TAHITI VISIT
 
IN THE STRANGE SOUTH SEAS
 

Like an idle messenger-boy, Fate takes a long while about her rounds, but she will get through with them and deliver all her parcels, if you give her time enough.

           

She has so much business that she confuses orders very often, and you are never sure of getting what you sent for. Still, you will certainly get something, if you wait, and it may even be the thing you demanded. The morning she called at my door, with a very full basket, she had already been to my neighbours, and given them, in a big assortment of goods - a failure on the Stock Exchange, a hunting accident, and a broken engagement. What they had ordered was a seat in Parliament and a winter at Monte Carlo, with anything good that might come in in the way of new-laid motor-cars. But Fate was, as usual, in a hurry, and she never changes any goods, once delivered. So they had to take them in. I had given up expecting her when her knock came to my door, because my order had been sent in some years ago, and so far had remained unacknowledged. But she fairly emptied her basket into my hands, once she was admitted.

"Goods all right, and none the worse for keeping; couldn't find time to see to you before. I've been so busy attending to an order from Japan for a new army and a gross of assorted victories," she panted. "Had to serve the Czar of Russia with a lot of old defeats I've had lying by since the Crimea, instead of the new empire he sent for; and can't get time to fill more than half the German Emperor's order for fireworks. You private people are lucky to get anything at all. Count the goods please - one journey round the world, two-and-a-half years of mixed adventures, a hundred South Sea Islands, threescore new friends first quality, one large package luck. that's all. I think - sign the book, and let me go; I've got seven attacks of appendicitis, a foreclosed mortgaged two law-suits, and a divorce, to deliver in this square before lunch."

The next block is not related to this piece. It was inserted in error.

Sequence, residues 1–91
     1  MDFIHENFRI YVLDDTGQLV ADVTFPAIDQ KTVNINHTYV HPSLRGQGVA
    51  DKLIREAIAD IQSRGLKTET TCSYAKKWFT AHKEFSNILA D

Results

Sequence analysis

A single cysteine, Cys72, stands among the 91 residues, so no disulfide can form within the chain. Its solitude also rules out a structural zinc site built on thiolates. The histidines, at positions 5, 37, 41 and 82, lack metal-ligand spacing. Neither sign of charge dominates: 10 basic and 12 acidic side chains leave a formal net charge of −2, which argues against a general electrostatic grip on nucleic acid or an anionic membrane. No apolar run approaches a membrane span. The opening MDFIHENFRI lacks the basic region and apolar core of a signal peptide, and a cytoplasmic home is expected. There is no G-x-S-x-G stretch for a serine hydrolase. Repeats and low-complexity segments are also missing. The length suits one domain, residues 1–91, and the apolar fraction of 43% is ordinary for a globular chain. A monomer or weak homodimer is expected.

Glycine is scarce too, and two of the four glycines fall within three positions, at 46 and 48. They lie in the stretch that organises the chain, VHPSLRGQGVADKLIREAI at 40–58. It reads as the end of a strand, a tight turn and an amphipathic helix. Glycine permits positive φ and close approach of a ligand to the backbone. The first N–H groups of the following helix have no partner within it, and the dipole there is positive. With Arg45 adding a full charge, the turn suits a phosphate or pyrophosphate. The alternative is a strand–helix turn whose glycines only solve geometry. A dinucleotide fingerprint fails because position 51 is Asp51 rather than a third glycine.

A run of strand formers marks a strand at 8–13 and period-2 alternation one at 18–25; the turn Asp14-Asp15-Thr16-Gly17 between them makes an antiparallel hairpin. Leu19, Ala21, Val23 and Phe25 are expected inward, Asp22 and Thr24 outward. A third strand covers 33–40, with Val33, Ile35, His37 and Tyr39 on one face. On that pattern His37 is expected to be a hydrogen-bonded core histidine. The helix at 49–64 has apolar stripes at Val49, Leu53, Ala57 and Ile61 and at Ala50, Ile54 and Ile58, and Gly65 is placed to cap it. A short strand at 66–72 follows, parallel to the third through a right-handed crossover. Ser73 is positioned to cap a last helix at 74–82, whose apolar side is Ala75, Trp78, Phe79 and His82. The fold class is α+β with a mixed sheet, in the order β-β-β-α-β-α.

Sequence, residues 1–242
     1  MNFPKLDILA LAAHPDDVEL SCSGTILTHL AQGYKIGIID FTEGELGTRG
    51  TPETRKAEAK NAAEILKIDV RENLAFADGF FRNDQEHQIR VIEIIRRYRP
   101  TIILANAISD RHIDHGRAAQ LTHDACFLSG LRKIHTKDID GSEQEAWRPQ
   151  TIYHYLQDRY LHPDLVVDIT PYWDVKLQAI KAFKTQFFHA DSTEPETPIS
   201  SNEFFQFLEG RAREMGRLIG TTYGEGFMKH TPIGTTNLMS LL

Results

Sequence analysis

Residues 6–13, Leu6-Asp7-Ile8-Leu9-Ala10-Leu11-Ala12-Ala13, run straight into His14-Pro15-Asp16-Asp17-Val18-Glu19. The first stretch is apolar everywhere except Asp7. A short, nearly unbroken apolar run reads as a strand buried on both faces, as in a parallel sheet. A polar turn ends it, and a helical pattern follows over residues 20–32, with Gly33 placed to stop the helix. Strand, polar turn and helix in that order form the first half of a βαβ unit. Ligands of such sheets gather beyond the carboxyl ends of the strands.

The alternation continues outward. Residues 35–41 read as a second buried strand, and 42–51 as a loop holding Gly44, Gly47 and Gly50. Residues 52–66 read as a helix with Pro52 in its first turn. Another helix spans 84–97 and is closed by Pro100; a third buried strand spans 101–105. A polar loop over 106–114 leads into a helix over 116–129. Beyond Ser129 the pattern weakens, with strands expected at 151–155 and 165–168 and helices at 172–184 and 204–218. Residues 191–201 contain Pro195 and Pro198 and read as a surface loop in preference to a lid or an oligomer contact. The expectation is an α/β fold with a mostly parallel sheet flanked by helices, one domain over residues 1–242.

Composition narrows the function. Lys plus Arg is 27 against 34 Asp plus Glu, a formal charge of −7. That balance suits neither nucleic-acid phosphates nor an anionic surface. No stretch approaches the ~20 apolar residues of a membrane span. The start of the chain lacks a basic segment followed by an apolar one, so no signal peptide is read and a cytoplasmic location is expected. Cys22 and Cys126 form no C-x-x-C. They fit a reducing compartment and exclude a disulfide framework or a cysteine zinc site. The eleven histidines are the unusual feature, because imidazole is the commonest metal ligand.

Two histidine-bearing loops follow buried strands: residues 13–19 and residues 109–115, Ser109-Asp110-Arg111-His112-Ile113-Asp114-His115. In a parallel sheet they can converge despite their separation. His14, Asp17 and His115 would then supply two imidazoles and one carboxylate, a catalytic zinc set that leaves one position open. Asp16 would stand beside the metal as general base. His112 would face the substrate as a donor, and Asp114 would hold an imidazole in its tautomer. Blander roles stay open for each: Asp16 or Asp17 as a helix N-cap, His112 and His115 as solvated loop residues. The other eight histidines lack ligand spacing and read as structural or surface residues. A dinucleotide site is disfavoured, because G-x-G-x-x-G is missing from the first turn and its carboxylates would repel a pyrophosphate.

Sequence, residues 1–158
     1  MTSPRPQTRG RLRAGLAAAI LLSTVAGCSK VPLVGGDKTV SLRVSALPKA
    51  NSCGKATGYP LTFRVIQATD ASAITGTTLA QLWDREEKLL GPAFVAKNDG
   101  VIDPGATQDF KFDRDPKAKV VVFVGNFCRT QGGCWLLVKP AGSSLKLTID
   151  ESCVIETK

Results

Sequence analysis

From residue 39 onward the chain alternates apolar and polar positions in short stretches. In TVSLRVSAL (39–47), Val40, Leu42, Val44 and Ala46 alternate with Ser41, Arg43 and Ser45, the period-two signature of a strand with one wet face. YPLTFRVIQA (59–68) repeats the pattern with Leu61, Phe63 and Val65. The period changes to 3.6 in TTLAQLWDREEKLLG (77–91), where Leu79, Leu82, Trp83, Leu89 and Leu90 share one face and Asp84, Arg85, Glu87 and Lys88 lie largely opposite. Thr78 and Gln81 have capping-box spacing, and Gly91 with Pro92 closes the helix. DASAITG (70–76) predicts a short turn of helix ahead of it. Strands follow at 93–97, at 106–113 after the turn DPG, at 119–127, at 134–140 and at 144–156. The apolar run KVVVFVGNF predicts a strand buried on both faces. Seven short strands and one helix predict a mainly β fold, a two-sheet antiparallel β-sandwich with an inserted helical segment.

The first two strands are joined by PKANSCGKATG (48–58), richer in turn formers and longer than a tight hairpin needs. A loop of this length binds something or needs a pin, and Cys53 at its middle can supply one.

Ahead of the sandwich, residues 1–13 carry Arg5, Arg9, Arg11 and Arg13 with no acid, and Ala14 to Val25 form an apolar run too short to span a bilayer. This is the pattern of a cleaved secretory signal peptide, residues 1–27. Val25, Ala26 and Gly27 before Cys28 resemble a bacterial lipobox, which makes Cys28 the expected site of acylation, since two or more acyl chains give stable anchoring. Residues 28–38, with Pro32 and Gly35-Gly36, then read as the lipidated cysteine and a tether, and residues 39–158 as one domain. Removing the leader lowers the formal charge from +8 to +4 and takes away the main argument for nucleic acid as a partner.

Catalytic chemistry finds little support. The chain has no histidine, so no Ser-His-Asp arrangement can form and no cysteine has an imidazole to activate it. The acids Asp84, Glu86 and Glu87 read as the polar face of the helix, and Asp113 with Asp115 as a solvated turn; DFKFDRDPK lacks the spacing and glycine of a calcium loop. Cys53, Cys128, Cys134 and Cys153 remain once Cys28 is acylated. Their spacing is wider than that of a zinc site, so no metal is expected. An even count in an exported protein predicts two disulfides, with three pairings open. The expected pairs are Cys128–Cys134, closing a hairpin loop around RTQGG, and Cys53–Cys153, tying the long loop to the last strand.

So like the fairy tales, "it all came true," and one bright winter afternoon a Cunard liner bore me away from the streets and shops and drab-coloured, huddled houses of Liverpool, down the muddy Mersey - off round the world.

There were thousands of people on the quay, come to see the famous boat away, for it was Saturday afternoon, and the town took holiday. They had a few hours of freedom before them - then, the airless office room, the stuffy shop, the ledger and the copying-press, and the clattering typewriter, the grim window giving on the dark wet street, for six long days again. Next year, and the year after, just the office, the frowsy lodging, the tram car, the pen in the strong young fingers, the desk to stoop the broad young shoulders, the life foreseen, eventless, grey for ever and for ever. And I was going round the world.